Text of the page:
Donna Summer, who topped dance, rock and R&B charts with some of the biggest hits of the Seventies and early Eighties, died of lung cancer on May 17th, 2012, at her home in Naples, Florida. She was 63.
Starting with 1975’s “Love to Love You Baby,” Summer became the defining voice of the disco era. She won five Grammys, and became a superstar with a string of hits including the proto-techno classic “I Feel Love” and four Number One smashes: “MacArthur Park,” “Hot Stuff,” “Bad Girls” and “No More Tears (Enough Is Enough).” Summer was known as the “Queen of Disco,” but her music ranged much farther – through rock, New Wave, R&B and gospel. “She was a very astute woman,” says soul singer Chaka Khan. “I used to hate dance music, but I was impressed by what she sang about, how she championed women and empowered chicks.”
Summer was born LaDonna Adrian Gaines, one of seven children in a Boston working-class family with “deep spiritual roots,” as she wrote in her 2003 memoir, Ordinary Girl. Her grandfather was a preacher, and Summer’s parents were strict: “God forbid we did anything vulgar.” Her father spanked her for using red nail polish, which, he told her, only prostitutes wore.
She sang In a gospel choir, trained in musical theater and traveled to Germany to appear in a production of Hair. While living in Munich, she married Austrian actor Helmuth Sommer, whose surname she adapted. Working with producer Giorgio Moroder, Summer cut the erotic “Love to Love You Baby,” approaching the song “like an actress.” She imagined herself as Marilyn Monroe, softly cooing lyrics like “Do it to me again and again.” “My acting was done well, and people believed the story I was acting,” Summer said in 1979.
Neil Bogart, the shameless, marketing-savvy head of disco label Casablanca Records, heard “Love to Love You Baby” and instructed Moroder to expand the song from three minutes to 17. “You’re crazy,” Moroder supposedly retorted, but he complied – and the song was a breakthrough smash. Summer had found the song “very difficult” to record, and she later said, “There were times when I hated the . . . sex-goddess image.”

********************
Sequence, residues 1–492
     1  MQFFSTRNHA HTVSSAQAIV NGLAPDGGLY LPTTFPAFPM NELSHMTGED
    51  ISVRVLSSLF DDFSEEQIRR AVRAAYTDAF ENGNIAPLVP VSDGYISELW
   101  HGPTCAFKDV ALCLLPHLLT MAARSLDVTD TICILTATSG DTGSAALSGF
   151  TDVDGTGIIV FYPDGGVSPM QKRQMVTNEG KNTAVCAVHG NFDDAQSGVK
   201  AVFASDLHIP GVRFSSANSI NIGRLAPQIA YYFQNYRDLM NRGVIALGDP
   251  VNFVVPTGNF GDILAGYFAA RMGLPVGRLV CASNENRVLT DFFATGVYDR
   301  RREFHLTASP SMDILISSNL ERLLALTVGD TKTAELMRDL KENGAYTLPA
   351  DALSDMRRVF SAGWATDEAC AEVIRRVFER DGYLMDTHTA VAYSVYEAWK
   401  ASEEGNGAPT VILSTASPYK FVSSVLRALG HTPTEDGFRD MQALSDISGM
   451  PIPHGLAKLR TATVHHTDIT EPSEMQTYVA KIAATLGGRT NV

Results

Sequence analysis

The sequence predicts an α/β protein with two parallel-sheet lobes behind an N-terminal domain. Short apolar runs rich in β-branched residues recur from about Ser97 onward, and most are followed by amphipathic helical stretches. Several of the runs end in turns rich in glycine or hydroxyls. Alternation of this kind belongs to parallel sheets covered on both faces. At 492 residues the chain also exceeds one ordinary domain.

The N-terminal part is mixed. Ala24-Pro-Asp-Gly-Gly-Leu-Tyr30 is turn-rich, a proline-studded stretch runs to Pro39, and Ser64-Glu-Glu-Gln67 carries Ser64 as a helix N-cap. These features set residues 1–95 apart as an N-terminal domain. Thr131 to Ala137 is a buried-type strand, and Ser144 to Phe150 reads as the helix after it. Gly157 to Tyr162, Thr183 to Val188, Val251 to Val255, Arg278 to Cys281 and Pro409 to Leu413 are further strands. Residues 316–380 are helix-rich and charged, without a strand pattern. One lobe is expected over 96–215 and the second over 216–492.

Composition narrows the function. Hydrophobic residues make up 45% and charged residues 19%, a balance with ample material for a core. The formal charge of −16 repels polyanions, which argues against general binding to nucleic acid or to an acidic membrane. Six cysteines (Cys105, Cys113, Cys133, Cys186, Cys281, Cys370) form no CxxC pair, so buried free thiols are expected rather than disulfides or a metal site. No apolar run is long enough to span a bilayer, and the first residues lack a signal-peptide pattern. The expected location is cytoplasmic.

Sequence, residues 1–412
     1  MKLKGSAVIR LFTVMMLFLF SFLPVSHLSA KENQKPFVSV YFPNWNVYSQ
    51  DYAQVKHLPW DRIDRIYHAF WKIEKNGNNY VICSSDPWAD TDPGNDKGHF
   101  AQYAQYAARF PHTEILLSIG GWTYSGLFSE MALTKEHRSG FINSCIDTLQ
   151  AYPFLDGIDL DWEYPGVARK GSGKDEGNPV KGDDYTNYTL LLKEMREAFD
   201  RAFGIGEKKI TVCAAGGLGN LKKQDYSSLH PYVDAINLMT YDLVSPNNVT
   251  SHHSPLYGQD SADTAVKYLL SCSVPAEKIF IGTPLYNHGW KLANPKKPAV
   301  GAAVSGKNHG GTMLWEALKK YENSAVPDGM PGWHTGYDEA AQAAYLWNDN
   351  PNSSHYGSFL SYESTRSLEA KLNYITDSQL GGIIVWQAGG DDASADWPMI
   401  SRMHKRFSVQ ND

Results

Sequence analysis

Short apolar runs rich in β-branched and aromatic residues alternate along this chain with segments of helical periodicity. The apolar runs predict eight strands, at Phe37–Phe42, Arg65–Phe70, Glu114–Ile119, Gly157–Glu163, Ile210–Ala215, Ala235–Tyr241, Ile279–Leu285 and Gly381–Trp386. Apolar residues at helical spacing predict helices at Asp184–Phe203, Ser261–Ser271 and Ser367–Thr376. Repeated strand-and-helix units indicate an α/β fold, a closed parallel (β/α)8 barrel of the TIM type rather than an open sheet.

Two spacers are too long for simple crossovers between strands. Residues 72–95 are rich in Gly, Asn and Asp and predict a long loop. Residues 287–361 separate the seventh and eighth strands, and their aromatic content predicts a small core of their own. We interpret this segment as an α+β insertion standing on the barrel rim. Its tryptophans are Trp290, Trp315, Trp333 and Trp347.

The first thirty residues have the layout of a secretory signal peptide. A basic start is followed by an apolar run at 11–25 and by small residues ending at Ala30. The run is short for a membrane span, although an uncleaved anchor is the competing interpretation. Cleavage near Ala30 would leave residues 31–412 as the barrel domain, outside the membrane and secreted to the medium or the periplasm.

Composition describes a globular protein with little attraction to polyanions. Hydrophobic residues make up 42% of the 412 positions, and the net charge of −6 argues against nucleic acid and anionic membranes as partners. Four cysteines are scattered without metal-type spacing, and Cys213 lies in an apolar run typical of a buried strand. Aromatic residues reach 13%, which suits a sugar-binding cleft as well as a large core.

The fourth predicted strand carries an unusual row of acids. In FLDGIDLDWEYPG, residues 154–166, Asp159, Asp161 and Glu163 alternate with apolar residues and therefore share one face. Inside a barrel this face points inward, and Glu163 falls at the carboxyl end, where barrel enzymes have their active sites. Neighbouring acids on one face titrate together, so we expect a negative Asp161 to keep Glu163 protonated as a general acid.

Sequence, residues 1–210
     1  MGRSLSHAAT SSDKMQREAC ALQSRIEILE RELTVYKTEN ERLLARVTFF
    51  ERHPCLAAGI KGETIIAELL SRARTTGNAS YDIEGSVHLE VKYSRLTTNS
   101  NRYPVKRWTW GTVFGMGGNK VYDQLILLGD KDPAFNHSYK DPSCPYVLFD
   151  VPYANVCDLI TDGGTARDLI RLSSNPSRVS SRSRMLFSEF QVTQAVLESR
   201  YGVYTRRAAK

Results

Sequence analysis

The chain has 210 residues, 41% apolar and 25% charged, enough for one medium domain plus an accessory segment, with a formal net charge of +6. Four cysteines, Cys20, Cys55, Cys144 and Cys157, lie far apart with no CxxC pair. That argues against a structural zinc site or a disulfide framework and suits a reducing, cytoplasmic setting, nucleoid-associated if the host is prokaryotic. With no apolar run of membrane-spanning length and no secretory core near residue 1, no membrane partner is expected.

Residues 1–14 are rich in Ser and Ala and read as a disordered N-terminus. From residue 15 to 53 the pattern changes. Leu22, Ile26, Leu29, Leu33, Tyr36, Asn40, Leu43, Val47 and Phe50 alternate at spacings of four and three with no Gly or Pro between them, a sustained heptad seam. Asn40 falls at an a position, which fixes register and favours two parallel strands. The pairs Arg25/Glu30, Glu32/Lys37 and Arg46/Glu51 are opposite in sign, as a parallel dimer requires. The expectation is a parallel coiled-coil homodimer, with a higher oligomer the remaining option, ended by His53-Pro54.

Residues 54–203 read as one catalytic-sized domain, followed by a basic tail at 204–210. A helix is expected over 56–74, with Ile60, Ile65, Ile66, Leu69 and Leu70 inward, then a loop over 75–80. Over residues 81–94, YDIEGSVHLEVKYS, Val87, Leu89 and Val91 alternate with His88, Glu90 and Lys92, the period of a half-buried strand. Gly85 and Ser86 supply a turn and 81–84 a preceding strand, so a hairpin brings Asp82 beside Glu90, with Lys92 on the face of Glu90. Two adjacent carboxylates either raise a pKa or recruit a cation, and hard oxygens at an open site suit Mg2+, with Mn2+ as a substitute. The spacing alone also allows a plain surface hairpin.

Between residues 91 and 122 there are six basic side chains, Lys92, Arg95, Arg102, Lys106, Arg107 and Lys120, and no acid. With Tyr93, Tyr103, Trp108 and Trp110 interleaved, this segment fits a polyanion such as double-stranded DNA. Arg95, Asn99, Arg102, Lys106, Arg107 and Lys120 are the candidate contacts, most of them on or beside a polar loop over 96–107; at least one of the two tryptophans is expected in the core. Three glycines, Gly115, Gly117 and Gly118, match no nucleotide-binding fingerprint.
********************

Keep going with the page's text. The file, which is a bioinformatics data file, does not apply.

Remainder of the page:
When her subsequent records with Moroder and co-producer Pete Bellotte didn’t match “Love to Love You Baby,” Casablanca worried that she would become a one-hit wonder. The retro-sounding title track from her 1977 album I Remember Yesterday was a dud, until DJs began playing the B side, “I Feel Love,” on which Moroder and Bellotte layered synthesizers, drum machines and other otherworldly electronic effects. When Brian Eno heard the record, he told David Bowie, “I have heard the sound of the future.” He was right: “I Feel Love” is one of the building blocks of modern dance music, and its influence has never waned.
As Summer’s fame grew, she struggled with depression. She began balancing anti-depressants with Valium, and “went through years of walking into rooms . . . unable to remember anyone’s name because I was so out of it.” In her memoir, Summer wrote about an aborted suicide attempt in a hotel room in 1976, after which she became a born-again Christian. “She always tried to convince us to be born-again,” says Harold Faltermeyer, who co-wrote “Hot Stuff.” “We weren’t allowed to use the ‘f-word’ in the studio. She was a tough, strong woman.”
In 1979, Summer recorded “Hot Stuff” with a rock solo from Steely Dan guitarist Jeff “Skunk” Baxter. She won a Grammy for Best Female Rock Vocal Performance, becoming the first winner of the then-new award. Albums like the double LP Bad Girls were packed with multipart suites that showed off Summer’s songwriting chops and ambition.
Bruce Springsteen wrote “Cover Me” for Summer to sing, and after deciding to keep it for his Born in the U.S.A. album, he wrote her another one, “Protection,” which Summer recorded with Quincy Jones in 1982. (Springsteen played guitar and sang backing vocals.) A year later, she released “She Works Hard for the Money,” an uplifting song about the struggles of working women; it was an MTV hit.
Summer came to dislike the term “disco singer,” which she felt minimized her range. “When I was younger, I would wear wild costumes and paint my face,” she said in 2010. “I’d been in Europe for years, and I was doing a lot of strange things. If I’d been white, it would have been seen as ‘creative.’ But because I was black, they couldn’t understand me having that level of creativity.”
Neil Bogart’s son Evan, a producer and songwriter, worked with his “Aunt Donna” on her final album, Crayons, which came out in 2008. “You can count on one or two hands the voices as big as hers,” he says. And Bogart hears her influence in electronic acts from Chromeo to Daft Punk: “David Guetta specifically told me he wouldn’t be doing what he’s doing without ‘I Feel Love.’ Disco never died – it turned into dance music.”
Like most friends, Bogart was unaware Summer had lung cancer; not even her agent at William Morris knew. “I saw her a year ago, and she looked great,” Bogart says. One of the few people who knew was Michael Omartian, who co-wrote and produced “She Works Hard for the Money.” He’d been diagnosed with lymphoma, and they both began treatment at Cedars-Sinai hospital in L.A. in 2011. “She was adamant about keeping it private,” Omartian says. In the last two months of Summer’s life, Omartian talked often with her husband of 31 years, songwriter Bruce Sudano, with whom she had two daughters. “He said, We’re fighting, Mike, we’re fighting.’ Those were his words. ‘We’re planning on winning.'”
Summer was sure that one day her music would be understood as more than disco. “When people go back, they’re gonna be like, ‘Whoa,'” she said. “‘Where was her mind at? She was out there!”‘
This story is from the June 7th, 2012 issue of Rolling Stone.